Facts and Fallacies in the Debate on Glyphosate Toxicity (US National Library of Medicine National Institutes of Health):
Abstract "The safety profile of the herbicide glyphosate and its commercial formulations is controversial. Reviews have been published by individuals who are consultants and employees of companies commercializing glyphosate-based herbicides in support of glyphosate’s reapproval by regulatory agencies. These authors conclude that glyphosate is safe at levels below regulatory permissible limits.
In contrast, reviews conducted by academic scientists independent of industry report toxic effects below regulatory limits, as well as shortcomings of the current regulatory evaluation of risks associated with glyphosate exposures.
Two authors in particular (Samsel and Seneff) have published a series of commentaries proposing that long-term exposure to glyphosate is responsible for many chronic diseases (including cancers, diabetes, neuropathies, obesity, asthma, infections, osteoporosis, infertility, and birth defects).
The aim of this review is to examine the evidential basis for these claimed negative health effects and the mechanisms that are alleged to be at their basis. We found that these authors inappropriately employ a deductive reasoning approach based on syllogism.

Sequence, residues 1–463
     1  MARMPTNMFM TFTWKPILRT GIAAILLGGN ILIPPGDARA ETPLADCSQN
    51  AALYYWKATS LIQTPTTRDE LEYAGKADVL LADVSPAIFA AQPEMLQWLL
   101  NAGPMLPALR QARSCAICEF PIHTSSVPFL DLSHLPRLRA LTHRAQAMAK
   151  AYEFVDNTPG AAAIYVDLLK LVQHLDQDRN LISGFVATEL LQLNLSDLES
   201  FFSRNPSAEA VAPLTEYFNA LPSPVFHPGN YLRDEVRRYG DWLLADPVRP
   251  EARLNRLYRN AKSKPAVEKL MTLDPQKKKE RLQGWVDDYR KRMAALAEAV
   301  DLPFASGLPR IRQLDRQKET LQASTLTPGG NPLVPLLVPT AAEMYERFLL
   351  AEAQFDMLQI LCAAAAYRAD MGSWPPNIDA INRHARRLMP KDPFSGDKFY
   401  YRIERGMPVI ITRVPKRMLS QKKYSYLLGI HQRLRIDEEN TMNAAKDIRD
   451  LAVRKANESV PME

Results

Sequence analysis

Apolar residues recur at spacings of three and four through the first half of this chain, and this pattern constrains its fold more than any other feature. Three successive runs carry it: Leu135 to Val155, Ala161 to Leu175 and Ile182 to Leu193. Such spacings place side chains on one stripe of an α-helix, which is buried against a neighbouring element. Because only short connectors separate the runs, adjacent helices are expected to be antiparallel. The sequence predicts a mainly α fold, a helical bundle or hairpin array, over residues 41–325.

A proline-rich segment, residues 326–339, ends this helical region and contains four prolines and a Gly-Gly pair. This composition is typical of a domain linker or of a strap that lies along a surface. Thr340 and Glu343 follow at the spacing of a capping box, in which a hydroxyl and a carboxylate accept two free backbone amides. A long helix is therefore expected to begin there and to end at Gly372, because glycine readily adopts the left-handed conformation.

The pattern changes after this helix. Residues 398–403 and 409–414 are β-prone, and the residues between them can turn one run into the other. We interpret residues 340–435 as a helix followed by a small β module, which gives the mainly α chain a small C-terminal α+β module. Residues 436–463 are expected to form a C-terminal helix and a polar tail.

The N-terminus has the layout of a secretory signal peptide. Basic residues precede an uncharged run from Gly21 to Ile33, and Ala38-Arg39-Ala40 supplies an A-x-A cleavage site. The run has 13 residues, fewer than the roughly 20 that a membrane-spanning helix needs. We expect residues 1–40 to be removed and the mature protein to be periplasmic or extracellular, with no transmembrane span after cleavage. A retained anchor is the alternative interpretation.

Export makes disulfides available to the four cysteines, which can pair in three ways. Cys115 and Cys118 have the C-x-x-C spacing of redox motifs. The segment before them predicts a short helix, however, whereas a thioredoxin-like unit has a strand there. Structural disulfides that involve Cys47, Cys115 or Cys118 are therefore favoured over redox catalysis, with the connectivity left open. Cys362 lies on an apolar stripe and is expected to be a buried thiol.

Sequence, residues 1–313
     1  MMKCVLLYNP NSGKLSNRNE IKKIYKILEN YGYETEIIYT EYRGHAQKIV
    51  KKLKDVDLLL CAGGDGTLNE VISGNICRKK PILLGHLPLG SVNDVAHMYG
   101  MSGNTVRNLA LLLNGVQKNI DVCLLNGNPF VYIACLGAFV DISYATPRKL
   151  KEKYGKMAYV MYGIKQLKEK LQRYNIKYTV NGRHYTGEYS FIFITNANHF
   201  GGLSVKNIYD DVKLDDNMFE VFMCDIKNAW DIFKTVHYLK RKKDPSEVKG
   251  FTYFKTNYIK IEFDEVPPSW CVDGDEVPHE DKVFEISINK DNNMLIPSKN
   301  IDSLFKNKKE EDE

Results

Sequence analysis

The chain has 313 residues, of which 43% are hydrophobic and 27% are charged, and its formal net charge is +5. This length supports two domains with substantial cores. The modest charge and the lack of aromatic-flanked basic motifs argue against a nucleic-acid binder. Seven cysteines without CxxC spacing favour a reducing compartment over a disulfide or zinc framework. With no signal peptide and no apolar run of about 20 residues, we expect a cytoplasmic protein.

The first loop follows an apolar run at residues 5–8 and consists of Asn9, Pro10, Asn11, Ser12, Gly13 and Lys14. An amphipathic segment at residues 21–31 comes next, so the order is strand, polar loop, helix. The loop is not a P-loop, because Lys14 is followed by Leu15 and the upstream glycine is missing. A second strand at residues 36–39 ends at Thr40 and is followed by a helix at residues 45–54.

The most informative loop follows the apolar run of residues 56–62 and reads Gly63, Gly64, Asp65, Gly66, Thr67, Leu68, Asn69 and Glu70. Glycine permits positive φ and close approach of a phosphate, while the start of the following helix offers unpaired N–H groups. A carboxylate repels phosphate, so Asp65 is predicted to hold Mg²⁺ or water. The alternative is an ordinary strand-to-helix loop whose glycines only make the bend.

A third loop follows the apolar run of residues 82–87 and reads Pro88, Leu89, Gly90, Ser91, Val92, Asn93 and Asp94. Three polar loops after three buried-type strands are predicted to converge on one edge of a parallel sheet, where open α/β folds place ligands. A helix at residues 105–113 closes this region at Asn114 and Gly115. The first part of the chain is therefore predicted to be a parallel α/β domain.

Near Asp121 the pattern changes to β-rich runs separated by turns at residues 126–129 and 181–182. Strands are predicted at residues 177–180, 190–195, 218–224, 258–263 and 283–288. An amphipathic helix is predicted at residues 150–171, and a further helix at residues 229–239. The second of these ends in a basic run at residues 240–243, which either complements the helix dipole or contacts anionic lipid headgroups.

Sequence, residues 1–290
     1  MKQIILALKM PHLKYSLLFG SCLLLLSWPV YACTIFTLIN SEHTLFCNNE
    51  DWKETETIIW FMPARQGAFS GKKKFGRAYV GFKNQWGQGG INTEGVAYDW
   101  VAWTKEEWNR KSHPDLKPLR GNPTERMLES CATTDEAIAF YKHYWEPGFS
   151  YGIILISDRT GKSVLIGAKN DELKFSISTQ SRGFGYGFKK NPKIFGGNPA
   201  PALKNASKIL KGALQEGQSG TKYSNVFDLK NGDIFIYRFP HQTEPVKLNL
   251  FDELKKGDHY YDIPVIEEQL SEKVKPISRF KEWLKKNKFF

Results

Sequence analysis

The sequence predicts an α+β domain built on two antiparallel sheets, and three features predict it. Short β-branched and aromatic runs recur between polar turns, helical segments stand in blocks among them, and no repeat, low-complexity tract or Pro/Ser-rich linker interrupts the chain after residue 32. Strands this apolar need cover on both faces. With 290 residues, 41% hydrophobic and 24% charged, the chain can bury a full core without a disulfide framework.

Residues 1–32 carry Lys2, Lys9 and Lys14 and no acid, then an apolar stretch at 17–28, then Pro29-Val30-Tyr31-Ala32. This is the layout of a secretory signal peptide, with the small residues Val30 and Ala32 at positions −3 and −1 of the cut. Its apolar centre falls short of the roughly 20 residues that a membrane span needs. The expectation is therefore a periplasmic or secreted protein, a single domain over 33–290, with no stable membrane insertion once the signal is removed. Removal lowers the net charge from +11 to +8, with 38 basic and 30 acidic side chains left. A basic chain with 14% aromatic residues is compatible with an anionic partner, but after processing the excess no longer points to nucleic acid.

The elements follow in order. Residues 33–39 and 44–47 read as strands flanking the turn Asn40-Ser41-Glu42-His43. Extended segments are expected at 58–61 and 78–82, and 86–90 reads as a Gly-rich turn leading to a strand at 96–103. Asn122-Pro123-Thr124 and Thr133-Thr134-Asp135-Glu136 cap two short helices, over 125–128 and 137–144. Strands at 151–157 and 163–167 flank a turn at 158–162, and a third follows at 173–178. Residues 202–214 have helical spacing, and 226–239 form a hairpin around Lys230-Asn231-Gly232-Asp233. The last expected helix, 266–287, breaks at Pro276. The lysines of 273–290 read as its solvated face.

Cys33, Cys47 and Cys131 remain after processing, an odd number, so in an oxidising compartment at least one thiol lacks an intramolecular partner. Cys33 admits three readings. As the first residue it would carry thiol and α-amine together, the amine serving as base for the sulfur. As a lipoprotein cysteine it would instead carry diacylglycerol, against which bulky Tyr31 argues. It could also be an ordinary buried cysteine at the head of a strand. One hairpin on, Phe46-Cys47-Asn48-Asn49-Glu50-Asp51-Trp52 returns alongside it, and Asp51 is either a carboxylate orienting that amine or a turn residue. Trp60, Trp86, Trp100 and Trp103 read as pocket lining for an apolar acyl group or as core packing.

We found that their conclusions are not supported by the available scientific evidence. Thus, the mechanisms and vast range of conditions proposed to result from glyphosate toxicity presented by Samsel and Seneff in their commentaries are at best unsubstantiated theories, speculations, or simply incorrect. This misrepresentation of glyphosate’s toxicity misleads the public, the scientific community, and regulators.
Although evidence exists that glyphosate-based herbicides are toxic below regulatory set safety limits, the arguments of Samsel and Seneff largely serve to distract rather than to give a rational direction to much needed future research investigating the toxicity of these pesticides, especially at levels of ingestion that are typical for human populations."